That’s worrisome, shouldn’t it be faster? It seems that the stock install optimizes for power savings rather than speed.

With the UberKernel set to OnDemandTcl 1512 (1.512 GHz):

[2013-09-09 03:31:22] thread 1: 57473 hashes, 0.95 khash/s
[2013-09-09 03:31:23] thread 0: 50465 hashes, 0.87 khash/s
[2013-09-09 03:32:20] thread 1: 56374 hashes, 0.98 khash/s
[2013-09-09 03:32:20] thread 0: 51996 hashes, 0.91 khash/s

That’s right, 1.8 khash per second! Blazing fast! You may also notice that it’s bursting as high as 0.98 khash per core…

OK, here goes. I’m probably going to melt my pad, but 1 khash per CPU is within my reach. Could you imagine a 2 khash tablet? Dang, that’d be nosebleed-worthy.

[2013-09-09 03:45:44] thread 1: 67142 hashes, 1.11 khash/s
[2013-09-09 03:46:42] thread 0: 62675 hashes, 1.06 khash/s
[2013-09-09 03:46:43] thread 1: 66417 hashes, 1.11 khash/s
[2013-09-09 03:47:17] thread 0: 37319 hashes, 1.06 khash/s
[2013-09-09 03:47:17] accepted: 2/2 (100.00%), 2.17 khash/s (yay!!!)

Yay indeed. I did it! A kilohash per core per second! 2150 hashes! Victory!

I also tried mining Bitcoin with cpuminer on the HP Touchpad using SHA256 calculations, and the power was considerable there, too:

[2013-09-10 01:20:15] thread 0: 40506764 hashes, 762.24 khash/s
[2013-09-10 01:20:16] thread 1: 47714636 hashes, 789.13 khash/s
[2013-09-10 01:20:58] thread 1: 33848421 hashes, 800.30 khash/s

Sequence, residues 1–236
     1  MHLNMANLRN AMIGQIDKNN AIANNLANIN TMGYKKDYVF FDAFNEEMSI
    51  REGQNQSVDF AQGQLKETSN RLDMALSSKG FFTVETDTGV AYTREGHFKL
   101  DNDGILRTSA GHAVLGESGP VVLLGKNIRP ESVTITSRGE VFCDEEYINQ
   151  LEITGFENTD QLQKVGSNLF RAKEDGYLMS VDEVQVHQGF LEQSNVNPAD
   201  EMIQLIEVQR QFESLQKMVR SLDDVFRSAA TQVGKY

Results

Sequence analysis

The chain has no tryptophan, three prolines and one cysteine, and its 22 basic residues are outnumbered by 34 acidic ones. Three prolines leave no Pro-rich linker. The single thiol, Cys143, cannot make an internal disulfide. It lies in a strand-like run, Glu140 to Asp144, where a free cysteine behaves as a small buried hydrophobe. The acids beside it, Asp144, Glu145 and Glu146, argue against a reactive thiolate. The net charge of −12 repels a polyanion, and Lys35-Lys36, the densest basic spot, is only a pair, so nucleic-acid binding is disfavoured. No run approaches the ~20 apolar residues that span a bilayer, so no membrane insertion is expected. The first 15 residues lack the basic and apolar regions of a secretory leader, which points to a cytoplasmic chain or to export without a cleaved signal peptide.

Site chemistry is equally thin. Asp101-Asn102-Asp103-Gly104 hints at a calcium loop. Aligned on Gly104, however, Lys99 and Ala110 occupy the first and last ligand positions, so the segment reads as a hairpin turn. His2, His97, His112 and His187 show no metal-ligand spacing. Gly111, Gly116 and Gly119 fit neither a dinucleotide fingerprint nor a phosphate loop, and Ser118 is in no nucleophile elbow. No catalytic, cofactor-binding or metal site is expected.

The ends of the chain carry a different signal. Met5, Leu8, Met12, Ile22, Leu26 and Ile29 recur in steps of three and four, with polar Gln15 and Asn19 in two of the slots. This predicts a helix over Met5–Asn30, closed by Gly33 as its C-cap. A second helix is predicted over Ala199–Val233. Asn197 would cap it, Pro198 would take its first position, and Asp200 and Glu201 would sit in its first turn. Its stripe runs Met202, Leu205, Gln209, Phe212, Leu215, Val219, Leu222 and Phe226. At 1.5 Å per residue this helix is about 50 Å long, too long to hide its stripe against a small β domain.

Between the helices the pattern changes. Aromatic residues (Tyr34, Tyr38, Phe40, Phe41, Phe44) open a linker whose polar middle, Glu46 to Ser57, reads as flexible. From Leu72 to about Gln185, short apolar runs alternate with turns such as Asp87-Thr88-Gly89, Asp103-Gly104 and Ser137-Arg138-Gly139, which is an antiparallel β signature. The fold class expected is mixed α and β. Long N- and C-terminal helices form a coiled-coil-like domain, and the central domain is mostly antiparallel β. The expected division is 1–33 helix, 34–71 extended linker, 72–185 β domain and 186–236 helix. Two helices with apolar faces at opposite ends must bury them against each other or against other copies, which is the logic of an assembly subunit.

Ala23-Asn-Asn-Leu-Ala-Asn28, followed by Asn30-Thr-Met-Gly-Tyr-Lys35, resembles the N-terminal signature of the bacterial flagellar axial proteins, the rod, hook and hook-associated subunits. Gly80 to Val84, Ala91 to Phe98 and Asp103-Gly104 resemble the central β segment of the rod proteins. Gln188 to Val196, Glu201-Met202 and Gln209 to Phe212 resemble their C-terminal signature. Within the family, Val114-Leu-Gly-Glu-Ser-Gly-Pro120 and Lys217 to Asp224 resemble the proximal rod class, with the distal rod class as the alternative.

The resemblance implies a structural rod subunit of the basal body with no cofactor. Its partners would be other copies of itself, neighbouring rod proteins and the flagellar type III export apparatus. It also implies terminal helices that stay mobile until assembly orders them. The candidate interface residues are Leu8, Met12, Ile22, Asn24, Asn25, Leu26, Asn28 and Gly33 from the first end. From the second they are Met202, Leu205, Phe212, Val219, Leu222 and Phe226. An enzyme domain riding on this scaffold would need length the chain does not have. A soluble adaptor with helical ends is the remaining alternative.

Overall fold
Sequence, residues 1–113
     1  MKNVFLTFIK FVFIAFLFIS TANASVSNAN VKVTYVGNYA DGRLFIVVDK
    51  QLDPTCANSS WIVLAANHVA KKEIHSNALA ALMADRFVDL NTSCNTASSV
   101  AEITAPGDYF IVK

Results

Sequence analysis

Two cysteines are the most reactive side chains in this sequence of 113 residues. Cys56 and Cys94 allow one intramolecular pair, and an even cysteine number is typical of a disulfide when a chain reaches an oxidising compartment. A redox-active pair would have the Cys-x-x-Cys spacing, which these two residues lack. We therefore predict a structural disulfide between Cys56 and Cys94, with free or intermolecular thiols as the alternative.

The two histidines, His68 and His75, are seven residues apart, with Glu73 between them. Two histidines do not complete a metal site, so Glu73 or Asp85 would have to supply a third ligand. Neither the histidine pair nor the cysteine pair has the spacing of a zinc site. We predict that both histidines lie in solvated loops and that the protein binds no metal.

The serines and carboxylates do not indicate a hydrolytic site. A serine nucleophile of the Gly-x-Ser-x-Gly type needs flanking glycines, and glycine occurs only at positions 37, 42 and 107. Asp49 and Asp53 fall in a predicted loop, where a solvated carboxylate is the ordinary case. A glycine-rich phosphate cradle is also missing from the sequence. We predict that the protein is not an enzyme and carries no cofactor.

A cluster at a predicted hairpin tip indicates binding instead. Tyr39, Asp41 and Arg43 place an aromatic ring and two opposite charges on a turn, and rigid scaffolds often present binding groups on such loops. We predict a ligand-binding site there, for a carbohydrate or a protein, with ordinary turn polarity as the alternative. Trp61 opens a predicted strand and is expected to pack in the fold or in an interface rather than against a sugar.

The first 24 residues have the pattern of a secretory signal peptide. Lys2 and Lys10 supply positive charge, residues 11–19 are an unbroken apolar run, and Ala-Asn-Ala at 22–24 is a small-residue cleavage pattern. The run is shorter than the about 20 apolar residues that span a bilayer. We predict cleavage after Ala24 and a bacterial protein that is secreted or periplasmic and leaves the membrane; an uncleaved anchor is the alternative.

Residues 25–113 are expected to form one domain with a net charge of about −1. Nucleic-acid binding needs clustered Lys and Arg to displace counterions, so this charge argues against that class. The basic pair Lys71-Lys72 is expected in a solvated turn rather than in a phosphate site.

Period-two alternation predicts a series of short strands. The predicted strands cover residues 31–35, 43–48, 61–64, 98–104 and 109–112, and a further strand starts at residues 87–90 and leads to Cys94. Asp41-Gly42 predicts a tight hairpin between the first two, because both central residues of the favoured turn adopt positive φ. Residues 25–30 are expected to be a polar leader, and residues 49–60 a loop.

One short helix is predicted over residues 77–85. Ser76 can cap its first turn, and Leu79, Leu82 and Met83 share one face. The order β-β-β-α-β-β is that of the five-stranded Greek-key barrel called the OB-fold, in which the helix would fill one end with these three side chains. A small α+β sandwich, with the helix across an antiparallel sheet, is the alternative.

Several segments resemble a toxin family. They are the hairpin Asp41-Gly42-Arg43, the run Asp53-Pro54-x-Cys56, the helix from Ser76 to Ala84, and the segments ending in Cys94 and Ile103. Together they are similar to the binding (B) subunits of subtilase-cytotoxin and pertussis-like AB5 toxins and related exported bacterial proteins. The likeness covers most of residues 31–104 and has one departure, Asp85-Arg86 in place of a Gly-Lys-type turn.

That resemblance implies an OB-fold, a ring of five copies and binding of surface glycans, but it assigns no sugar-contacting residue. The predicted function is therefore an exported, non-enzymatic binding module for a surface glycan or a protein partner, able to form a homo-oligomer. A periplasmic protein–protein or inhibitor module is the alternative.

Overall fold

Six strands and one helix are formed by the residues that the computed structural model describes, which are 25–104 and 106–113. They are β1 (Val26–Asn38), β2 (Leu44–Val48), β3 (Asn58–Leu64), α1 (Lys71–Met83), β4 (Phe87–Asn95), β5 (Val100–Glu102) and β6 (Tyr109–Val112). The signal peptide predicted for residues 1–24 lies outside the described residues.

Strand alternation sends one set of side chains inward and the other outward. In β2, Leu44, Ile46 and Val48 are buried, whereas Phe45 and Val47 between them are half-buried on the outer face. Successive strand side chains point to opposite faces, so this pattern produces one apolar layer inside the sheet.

[2013-09-10 01:20:58] thread 0: 32404380 hashes, 759.41 khash/s

That’s right, more than a three quarters of a megahash! That’s a BTC generating /machine/.

I don’t think this is something I should try to sustain, though. The CPU made it as high as 32 degrees C, in a room that was 24 degrees C at the time.

I’m going to be rich! Wait, you mean I only earned a thousandth of a cent during this experiment? Oh well, there goes my dream of a Touchpad mining farm…. creating a penny worth of imaginary money for each dollar of electricity is something you probably can’t make up on volume.

Parallel Programming and Cryptocurrencies

Lately I’ve been spending a lot of brain cycles learning parallel programming tools and APIs. These are tools that let you write code to run on your video card (GPU) and/or multiple CPU cores at once. I’ve learned the basics of NVIDIA CUDA, OpenCL, OpenMP, and C++ AMP over the past few weeks. They’re neat things to know, but I’m not really sure what I’d use them for since most of the applications are scientific computing and math-intensive things and that’s not something I’ve ever really focused on.